Thoughts about Keith Jarrett and his “American” Quartet

As I’ve been reflecting on the passing of Wayne Shorter I found myself searching for friends’ commentaries on the internet about his life and music. This led me, unexpectedly to discover a very recent video interview with Keith Jarrett, which led to memories and reflections about the importance to me of Jarrett’s 1970s band, his “American” Quartet. And within the interview, I discovered that Pat Metheny had parallel thoughts.

Piano trios are particularly important to me as a listener and as a player. For me, this love really begins with the Keith Jarrett American Quartet. In college I heard the album Death and the Flower(1975), and two years later, I had the immense fortune to see the band at the Village Vanguard, playing Survivor’s Suite (release on record in 1977). I think I walked around in a daze for the next month. 

Death and the Flower was the first small acoustic ensemble album I ever purchased, even before Coltrane’s A Love Supreme, and the Bill Evans trio recordings with Scott LaFaro. I was completely hooked, and I came to think of this band, with Charlie Haden, Dewey Redman, and Paul Motian as the go-to, the ur-text of modern piano trios and quartets. Maybe all quartets, whether they were playing improvised music, or Beethoven, or rock music.

I’ve had Keith Jarrett on my mind this weekend because I watched Rick Beato’s December 2022 interview with the pianist. This provided the first images I’ve seen of him talking and, in fact, playing piano, with the one hand unaffected by his strokes. For me, the most telling moments were sequences when Beato and Jarrett listened together to performances from years ago, one an eye-popping solo rendition of Miles Davis’ “Solar,” and the other, an unreleased work composed for and performed with the Eastman Conservatory band. The camera focuses on Jarrett’s facial expressions as he listens, witnessing him experiencing those moments with intense fascination, and at times it is as if he is inhabiting the unfolding of the musical lines. You can find the interview on Rick Beato’s YouTube channel, uploaded in late February and linked below.

Early in the Jarrett video interview, Rick Beato inserted a segment of another video interview, one he did with Pat Metheny in August 2021. It led me to search out the full interview from which it was excerpted, also located within Beato’s YouTube channel (again, the link can be found below). 

I was fascinated to discover, that Metheny holds the Keith Jarrett American Quartet and its music in similar esteem. I rarely hear anyone expressing the level of appreciation that I feel for this Quartet and its music, and I think that’s a shame. Here are some excerpts of what Pat Metheny told Beato: 

“That band, the “American Quartet,” to me that was the last great acoustic jazz quartet. Nobody plays that music because it’s too hard… But that book of tunes he wrote between the American Quartet and the Scandinavian Quartet, to me that book of tunes has tunes… [even aside] from him as a player, just as songs it is the last great song book… And also, that band was such an unlikely band in a lot of ways. Dewey, you know, Dewey is such an enigma… [Jarrett] could have gotten somebody who could play inside changes in the most detailed of way. Dewey was this other kind of player, and that’s a lesson too. Don’t cast a band in your image if you have another way to do it; get people who are going to think different.” (from the 1:19:00-1:20:00 point in the video).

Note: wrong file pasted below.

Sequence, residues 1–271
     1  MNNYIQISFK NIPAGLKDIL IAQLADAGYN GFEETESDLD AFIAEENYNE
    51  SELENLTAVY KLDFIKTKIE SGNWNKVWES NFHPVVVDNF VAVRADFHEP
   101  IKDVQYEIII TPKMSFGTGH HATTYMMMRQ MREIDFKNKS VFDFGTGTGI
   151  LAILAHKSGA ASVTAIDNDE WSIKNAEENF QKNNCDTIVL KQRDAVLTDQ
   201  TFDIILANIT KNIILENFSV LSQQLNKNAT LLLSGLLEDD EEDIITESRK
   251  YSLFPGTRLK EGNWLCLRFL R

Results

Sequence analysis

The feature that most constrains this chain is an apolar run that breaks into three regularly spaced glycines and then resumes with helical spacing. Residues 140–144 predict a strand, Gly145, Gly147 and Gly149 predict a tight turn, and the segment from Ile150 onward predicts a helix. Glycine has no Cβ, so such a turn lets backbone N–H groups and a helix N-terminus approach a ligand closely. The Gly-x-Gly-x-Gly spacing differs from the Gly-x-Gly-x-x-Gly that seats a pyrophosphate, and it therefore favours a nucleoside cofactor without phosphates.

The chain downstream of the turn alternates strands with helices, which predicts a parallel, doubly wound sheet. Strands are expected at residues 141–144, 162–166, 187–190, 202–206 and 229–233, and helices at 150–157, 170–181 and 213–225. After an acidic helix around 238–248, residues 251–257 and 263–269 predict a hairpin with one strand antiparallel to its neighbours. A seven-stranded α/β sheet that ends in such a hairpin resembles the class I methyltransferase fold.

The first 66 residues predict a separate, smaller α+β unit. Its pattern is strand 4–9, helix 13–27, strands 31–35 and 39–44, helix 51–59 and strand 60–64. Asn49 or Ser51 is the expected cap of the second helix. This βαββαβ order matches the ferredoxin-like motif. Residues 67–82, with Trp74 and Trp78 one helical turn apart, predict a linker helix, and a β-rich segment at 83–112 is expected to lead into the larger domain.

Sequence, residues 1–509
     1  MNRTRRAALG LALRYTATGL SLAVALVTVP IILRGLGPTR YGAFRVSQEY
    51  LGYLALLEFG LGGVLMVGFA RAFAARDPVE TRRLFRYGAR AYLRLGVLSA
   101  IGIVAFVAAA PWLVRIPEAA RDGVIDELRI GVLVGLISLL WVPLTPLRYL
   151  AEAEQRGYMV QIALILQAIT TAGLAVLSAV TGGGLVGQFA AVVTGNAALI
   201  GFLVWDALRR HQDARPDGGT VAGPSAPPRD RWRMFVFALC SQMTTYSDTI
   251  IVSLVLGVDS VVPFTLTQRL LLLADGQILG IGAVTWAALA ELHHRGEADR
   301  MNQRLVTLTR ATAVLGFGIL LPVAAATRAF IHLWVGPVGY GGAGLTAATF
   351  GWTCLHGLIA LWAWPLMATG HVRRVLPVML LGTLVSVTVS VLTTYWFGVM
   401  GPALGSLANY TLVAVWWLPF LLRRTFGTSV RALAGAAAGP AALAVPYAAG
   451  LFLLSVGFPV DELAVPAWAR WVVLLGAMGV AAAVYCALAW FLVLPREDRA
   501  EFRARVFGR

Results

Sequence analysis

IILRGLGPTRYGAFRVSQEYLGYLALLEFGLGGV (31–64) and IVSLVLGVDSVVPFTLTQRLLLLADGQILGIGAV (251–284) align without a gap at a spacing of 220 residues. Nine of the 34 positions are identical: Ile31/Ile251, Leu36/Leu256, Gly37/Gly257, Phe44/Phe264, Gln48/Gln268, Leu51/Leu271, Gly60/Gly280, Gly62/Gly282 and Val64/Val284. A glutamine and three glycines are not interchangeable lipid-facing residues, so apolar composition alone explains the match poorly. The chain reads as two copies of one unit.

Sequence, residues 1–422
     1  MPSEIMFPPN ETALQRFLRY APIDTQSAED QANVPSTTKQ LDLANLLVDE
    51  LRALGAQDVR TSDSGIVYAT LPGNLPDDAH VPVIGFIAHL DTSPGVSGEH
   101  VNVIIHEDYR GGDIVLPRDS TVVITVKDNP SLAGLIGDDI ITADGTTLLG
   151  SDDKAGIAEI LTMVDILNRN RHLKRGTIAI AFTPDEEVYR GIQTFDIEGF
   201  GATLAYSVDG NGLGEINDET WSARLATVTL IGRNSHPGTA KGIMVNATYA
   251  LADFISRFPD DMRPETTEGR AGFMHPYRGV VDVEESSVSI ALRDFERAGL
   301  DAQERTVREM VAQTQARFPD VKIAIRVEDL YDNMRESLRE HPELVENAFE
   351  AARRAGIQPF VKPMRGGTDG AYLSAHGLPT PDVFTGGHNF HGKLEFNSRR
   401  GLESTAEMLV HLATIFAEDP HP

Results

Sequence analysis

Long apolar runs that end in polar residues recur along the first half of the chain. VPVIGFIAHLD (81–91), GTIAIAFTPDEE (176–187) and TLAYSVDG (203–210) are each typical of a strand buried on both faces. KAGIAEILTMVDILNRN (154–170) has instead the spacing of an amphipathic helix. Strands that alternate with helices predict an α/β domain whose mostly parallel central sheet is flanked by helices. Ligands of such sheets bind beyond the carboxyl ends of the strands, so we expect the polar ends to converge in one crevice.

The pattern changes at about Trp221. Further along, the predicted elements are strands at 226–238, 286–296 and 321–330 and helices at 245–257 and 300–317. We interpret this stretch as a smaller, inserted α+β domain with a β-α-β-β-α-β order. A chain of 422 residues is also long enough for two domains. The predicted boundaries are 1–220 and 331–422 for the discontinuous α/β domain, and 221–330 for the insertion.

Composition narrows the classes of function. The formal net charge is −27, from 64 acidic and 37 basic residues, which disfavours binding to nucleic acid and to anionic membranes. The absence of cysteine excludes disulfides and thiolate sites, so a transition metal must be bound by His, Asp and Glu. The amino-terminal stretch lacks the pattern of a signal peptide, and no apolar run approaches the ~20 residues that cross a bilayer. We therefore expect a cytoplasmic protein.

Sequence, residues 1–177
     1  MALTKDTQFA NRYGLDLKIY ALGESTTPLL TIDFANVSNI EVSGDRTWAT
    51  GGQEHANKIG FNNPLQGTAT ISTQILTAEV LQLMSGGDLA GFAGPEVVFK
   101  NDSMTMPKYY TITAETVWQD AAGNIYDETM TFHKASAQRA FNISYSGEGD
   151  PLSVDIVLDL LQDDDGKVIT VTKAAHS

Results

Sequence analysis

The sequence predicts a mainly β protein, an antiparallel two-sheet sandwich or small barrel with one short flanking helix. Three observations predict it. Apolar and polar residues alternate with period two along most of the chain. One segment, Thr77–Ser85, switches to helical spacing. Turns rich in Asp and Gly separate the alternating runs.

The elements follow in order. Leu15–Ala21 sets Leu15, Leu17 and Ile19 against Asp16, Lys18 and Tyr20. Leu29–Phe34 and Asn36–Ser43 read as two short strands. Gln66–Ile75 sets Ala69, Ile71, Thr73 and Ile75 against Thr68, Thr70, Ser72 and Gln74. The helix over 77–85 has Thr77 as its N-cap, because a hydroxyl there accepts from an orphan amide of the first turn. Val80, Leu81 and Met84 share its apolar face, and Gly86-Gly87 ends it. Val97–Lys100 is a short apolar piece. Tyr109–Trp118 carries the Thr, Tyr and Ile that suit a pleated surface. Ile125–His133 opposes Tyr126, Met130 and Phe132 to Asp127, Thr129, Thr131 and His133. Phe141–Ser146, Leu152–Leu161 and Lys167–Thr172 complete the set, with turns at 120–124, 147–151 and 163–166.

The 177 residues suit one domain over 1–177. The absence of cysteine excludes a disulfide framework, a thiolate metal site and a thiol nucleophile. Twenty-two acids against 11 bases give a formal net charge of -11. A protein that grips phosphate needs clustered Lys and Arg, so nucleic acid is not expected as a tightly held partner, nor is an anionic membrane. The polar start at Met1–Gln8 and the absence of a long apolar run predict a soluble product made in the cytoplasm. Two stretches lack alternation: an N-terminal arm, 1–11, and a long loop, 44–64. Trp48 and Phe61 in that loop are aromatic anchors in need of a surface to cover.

The band didn’t “only” provide a terrific, empathetic bouncing board for Jarrett’s pianistic excursions, but it paired him with the tremendously intuitive, responsive rhythm section of Charlie Haden and Paul Motian, and it renewed the pairing of Ornette Coleman bandmates Haden and Dewey Redman.

The compositions, as Metheny points out, are wonderful, often unfolding gradually as they move through subsequent, sometimes contrasting sections. The melodies are beautiful and Jarrett’s harmonic language, a blend of folksy diatonism with the ii-V-I harmonies of the bebop songbook, is quite distinct. Even while I was on a several year “pause” from playing the piano, I periodically sat at the keyboard and played the tune “Death and the Flower.” In the late 2000s and early 2010s, this tune, plus “My Song,” and a reshaping of the extensive first half of “Survivor’s Suite” were regularly on the set lists of two of my trio and other concerts. The stepwise moving perfect fifths in the bass periodically shows up as part of my musical vocabulary, and I hopefully approached the music from my own angle. What a pleasure it has been to know this music, as a player and as a listener. I’ve placed links to two of my “Death and the Flower” performances.

You can find a version of “Death and the Flower” I played in 2017, an outtake from a duo session with drummer Tani Tabbal, recorded at Karl Berger’s Studio in Woodstock:

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And here is another from a concert in 2014, a memorial to a great college friend, performed here with bassist Christopher Dean Sullivan, drummer Tani Tabbal, and me) – it is the fourth tune in this playlist:

Here is the link to Rick Beato’s Keith Jarrett Interview:

And here is the link to Rick Beato’s Pat Metheny Interview:

[note: both SoundCloud and YouTube often have brief advertisements for x, y, or z prior to the start of the track]

~ by bobgluck on March 6, 2023.

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